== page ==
A new program of research has discovered a powerful motivator: the idea that "small wins" at work can increase your motivation, your productivity, and your work engagement and satisfaction. Small wins can include completing a significant assignment or part of an assignment, solving a vexing work-related problem, or getting positive recognition from a supervisor or colleague.
In their recent book, The Progress Principle, psychologists Teresa Amabile and Steven Kramer discuss the program of research that discovered this powerful source of motivation, and, to their surprise, few supervisors or leaders were aware of the effect that small wins could have on motivation.
Interestingly, Amabile and Kramer discovered what the designers of video and computer games have known for years. People will become strongly motivated (and even "addicted") to games that allow a sense of small accomplishments: getting to the next level, finishing a challenging quest or task, solving a problem, or overcoming a foe.
So, how can you use this motivational tool to challenge yourself at work?
See your job as a series of discrete tasks. Rather than viewing your job as an 8-to-5 work marathon, break your job down into individual elements and tasks. Keeping a daily "to do" list, and crossing off each task as it is accomplished is a good way of monitoring your progress.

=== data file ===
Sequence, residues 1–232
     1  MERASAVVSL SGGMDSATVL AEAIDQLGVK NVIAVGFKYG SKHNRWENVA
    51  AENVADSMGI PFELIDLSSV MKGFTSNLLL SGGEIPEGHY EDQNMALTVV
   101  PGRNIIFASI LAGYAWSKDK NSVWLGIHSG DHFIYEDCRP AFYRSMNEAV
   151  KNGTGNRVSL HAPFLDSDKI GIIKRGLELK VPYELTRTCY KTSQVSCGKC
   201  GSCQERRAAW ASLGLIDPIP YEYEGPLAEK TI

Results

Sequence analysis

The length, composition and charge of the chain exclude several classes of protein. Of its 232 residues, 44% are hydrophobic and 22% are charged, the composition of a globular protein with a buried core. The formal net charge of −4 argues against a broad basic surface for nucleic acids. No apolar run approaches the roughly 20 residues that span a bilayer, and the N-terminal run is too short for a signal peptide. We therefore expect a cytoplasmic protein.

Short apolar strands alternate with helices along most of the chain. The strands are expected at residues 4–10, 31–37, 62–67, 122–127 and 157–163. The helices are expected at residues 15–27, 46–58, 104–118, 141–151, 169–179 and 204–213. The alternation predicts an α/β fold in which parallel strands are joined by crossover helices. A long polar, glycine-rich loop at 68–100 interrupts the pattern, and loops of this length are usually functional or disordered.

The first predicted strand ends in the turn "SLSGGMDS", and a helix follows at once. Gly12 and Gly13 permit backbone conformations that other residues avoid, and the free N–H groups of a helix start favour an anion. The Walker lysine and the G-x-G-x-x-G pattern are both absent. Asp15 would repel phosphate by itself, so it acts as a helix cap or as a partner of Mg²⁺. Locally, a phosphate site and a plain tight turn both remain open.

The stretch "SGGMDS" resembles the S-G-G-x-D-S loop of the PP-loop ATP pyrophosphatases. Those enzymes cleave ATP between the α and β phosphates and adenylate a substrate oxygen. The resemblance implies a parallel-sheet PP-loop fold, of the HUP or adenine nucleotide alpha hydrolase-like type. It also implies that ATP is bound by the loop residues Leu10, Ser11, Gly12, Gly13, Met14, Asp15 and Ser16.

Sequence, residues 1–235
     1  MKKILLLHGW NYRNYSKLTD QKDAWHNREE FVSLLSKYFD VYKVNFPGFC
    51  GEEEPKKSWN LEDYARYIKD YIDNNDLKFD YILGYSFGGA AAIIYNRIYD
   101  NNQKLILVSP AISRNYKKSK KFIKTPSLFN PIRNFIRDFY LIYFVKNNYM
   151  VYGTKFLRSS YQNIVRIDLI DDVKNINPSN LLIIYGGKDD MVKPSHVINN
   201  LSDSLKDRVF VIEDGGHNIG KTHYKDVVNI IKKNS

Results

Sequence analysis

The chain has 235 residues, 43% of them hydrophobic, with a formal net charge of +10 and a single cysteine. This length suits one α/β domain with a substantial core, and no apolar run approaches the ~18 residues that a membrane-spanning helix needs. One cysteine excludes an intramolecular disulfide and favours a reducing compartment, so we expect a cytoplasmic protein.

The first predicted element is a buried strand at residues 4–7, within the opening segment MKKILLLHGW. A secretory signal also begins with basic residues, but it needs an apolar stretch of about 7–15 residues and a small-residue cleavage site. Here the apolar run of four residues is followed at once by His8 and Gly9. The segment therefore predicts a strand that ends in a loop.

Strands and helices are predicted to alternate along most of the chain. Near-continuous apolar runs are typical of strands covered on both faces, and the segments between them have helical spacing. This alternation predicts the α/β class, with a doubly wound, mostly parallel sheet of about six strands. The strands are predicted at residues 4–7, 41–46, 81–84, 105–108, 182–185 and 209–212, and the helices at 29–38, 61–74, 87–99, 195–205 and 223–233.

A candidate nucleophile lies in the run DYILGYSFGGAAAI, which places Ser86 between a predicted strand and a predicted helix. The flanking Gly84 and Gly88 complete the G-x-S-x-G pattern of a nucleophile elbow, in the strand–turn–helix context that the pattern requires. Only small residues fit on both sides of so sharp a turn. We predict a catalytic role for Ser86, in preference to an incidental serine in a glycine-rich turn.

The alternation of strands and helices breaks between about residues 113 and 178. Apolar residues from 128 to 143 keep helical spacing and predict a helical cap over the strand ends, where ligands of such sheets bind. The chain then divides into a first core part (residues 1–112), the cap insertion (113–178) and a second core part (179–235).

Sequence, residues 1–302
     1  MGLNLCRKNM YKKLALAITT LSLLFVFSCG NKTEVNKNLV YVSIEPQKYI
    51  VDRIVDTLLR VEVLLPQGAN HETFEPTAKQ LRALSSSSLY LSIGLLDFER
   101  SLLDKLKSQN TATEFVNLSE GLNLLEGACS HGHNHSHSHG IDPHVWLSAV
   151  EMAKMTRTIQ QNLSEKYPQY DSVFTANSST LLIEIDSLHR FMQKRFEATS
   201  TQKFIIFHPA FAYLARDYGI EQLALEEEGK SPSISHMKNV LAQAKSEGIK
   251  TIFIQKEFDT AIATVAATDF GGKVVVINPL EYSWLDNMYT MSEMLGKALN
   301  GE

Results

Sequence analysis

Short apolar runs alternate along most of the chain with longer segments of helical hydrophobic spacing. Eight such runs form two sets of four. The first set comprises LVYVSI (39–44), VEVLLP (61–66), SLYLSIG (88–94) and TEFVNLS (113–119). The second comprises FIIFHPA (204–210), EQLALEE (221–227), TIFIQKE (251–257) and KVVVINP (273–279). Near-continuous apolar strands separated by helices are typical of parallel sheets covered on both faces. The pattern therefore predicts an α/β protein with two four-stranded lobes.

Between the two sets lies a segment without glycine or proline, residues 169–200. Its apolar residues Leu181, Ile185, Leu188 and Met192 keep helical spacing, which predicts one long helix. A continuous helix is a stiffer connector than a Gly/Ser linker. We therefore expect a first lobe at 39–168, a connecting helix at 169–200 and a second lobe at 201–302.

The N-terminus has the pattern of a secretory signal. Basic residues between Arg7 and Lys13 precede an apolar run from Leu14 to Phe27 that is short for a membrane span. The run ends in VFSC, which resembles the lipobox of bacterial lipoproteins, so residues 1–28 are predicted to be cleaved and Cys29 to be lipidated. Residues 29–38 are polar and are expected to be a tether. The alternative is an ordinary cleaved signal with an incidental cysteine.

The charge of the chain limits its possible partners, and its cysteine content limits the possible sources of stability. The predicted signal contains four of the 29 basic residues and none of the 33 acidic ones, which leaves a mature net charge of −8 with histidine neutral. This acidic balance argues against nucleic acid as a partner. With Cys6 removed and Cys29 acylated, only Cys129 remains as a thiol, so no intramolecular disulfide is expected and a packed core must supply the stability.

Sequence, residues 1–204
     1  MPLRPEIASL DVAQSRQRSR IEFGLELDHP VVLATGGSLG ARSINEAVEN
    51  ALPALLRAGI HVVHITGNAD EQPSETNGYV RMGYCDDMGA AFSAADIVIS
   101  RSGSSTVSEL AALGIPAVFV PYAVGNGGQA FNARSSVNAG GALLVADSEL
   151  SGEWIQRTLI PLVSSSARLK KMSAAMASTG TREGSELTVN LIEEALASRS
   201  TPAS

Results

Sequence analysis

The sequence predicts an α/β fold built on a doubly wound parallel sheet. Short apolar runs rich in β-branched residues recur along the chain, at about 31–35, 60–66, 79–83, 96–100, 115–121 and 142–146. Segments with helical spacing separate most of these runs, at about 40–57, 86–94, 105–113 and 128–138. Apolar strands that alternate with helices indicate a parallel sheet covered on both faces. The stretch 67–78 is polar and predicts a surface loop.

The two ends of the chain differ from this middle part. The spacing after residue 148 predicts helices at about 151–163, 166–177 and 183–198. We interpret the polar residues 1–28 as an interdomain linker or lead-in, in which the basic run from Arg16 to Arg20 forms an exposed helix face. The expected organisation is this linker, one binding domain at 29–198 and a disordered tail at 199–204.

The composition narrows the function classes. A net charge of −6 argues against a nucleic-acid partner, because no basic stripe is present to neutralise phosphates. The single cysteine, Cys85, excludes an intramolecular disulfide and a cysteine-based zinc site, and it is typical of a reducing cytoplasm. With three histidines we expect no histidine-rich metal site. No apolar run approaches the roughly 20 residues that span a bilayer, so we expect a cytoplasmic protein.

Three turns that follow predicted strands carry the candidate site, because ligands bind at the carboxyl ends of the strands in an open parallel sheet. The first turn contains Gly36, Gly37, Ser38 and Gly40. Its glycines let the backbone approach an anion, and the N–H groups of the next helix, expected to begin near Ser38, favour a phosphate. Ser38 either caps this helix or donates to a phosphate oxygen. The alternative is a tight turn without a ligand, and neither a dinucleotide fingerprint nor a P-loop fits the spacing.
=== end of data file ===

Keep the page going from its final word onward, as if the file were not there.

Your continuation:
Keep a journal of accomplishments. Drawing on research that notes the benefits of keeping a daily journal, the authors suggest that taking 5 minutes at the end of each day to list the events that stood out during the day, good or bad, can help you see the small wins, as well as the setbacks (and you can then work to overcome the setbacks).
Celebrate the small wins. Try to create some way of recording or reflecting on your daily accomplishments, Take a moment to enjoy the feeling of the win. It will help sustain your motivation going forward.
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